The Prime Minister of Papua New Guinea, Peter O'Neill, says he will move to dissolve parliament next month and go to early polls to end the current political impasse.
The veteran politician, Sir Michael Somare, claims to be the legitimate prime minister based on last month's Supreme Court ruling.
But key institutions have opted to keep backing Mr O'Neill as the head of government and he has the backing of the majority of MPs.
Mr O'Neill came to power after Sir Michael was ruled to have missed too many sessions of parliament, while he was out of the country receiving medical treatment.
The National newspaper quotes Mr O'Neill as saying he said he would seek his government's blessing to bring forward the scheduled June general election.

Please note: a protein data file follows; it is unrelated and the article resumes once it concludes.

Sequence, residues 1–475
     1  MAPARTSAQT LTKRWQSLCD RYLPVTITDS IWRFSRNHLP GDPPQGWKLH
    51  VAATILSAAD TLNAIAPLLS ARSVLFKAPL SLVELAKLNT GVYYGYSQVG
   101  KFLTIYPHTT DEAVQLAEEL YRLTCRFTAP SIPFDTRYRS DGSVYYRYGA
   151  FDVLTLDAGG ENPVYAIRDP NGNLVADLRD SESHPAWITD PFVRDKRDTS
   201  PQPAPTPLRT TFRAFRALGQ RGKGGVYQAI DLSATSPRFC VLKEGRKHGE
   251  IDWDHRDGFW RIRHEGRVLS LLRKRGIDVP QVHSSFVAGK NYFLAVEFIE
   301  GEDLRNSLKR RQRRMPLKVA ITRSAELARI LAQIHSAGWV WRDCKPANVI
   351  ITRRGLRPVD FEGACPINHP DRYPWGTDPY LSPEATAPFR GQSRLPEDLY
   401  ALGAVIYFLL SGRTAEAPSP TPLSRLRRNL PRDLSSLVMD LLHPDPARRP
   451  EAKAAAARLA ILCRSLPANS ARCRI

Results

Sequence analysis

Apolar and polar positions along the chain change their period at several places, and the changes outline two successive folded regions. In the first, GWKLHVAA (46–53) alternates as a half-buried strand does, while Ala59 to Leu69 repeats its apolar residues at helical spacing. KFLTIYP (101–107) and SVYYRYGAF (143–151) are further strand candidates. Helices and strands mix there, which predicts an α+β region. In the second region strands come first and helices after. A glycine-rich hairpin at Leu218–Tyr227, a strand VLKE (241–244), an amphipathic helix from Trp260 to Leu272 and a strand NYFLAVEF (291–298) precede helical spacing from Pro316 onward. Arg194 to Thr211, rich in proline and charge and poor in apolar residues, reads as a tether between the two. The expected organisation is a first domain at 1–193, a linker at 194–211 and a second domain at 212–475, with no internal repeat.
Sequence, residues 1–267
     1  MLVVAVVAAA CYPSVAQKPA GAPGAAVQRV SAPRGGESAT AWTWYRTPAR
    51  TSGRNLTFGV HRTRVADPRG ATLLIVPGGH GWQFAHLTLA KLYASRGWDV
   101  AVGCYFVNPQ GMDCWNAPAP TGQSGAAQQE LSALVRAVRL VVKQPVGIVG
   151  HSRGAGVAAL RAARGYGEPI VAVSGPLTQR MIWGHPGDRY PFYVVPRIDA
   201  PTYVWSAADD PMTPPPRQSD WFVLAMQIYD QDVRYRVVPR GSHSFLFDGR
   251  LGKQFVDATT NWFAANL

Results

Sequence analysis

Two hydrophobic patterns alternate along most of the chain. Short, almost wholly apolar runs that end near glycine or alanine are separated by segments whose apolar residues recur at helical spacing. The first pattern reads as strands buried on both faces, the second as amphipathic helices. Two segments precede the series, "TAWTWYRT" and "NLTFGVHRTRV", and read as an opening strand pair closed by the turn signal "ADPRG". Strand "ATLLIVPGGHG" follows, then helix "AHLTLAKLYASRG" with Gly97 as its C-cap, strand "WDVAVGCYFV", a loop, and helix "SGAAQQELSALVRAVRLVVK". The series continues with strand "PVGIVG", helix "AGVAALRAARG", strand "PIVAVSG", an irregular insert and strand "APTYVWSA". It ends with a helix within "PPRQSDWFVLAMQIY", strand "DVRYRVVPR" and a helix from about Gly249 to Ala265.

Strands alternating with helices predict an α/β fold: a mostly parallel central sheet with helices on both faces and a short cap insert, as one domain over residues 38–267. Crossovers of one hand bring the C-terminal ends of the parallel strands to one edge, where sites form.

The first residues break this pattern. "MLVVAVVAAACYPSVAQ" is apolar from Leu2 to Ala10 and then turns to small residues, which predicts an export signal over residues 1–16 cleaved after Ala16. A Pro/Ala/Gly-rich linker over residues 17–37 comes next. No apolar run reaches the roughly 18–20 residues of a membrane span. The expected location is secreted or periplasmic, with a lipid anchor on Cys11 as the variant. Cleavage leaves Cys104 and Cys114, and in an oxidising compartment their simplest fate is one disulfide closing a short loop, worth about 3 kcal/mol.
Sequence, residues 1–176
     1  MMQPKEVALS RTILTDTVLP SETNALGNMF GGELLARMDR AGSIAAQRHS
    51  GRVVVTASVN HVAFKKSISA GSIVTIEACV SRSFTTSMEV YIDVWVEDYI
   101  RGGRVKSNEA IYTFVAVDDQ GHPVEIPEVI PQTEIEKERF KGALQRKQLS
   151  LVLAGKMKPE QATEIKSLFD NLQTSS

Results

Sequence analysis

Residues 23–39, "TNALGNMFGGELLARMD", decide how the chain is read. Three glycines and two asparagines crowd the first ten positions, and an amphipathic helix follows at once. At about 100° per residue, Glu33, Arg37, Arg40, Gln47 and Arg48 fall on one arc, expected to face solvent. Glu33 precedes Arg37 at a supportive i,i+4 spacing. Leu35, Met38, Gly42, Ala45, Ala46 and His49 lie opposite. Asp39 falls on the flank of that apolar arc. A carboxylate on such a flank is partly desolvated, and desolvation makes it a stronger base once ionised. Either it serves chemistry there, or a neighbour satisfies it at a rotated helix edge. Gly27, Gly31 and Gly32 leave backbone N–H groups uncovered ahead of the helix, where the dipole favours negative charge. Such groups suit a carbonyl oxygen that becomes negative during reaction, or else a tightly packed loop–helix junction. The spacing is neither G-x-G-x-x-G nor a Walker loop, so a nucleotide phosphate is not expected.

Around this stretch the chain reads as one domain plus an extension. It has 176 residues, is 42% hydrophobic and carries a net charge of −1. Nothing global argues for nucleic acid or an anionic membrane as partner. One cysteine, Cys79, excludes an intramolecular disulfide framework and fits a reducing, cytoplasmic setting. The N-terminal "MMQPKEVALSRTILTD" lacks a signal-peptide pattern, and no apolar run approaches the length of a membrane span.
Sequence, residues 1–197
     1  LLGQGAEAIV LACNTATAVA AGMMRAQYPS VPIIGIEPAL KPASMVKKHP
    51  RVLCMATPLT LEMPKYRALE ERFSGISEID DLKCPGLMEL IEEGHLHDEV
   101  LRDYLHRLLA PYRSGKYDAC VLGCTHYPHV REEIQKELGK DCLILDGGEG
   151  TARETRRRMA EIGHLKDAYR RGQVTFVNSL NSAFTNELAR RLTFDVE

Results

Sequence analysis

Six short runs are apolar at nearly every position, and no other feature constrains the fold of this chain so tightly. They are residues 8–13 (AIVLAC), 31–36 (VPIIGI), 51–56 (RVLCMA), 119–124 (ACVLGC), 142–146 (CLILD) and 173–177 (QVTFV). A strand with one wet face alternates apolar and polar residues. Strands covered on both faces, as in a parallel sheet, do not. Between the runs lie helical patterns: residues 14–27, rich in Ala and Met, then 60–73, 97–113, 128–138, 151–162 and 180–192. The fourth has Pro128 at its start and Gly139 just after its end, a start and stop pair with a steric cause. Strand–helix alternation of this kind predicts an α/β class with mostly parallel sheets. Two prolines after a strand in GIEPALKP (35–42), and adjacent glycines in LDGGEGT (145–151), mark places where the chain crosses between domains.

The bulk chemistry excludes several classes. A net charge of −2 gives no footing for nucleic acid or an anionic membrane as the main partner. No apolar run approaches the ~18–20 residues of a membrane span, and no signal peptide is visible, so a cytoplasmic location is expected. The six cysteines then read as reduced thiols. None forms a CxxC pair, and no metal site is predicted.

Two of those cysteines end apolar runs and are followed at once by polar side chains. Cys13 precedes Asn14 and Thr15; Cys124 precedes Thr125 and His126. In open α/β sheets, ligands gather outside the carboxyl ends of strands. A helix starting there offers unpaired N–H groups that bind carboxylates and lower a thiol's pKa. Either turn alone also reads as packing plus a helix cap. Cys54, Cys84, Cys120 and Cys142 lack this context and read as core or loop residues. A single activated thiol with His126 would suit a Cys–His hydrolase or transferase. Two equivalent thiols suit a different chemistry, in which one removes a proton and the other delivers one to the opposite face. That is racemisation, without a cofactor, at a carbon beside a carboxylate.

However, a Radio New Zealand International correspondent in Port Moresby said while Mr O'Neill has the backing of a majority of MPs, it is unlikely they would vote to dissolve parliament.
"In Parliament now, nobody wants to prematurely end their term of office, they'd rather see it through until the scheduled election in June, so he can say whatever he wants to say".
Meanwhile, Sir Michael's supporters insist that Colonel Yaura Sasa is still the legitimate commander of the country's Defence Force.
Colonel Sasa and up to 20 soldiers put the head of the defence force Brigadier-General Francis Agwi under house arrest on Thursday in a move linked to the power struggle.
Colonel Sasa claimed to have been appointed Commander by the government of Sir Michael.
But Brigadier-General Agwi has now been freed and the O'Neill government says that police and defence personnel are in the process of apprehending those who conducted the mutiny.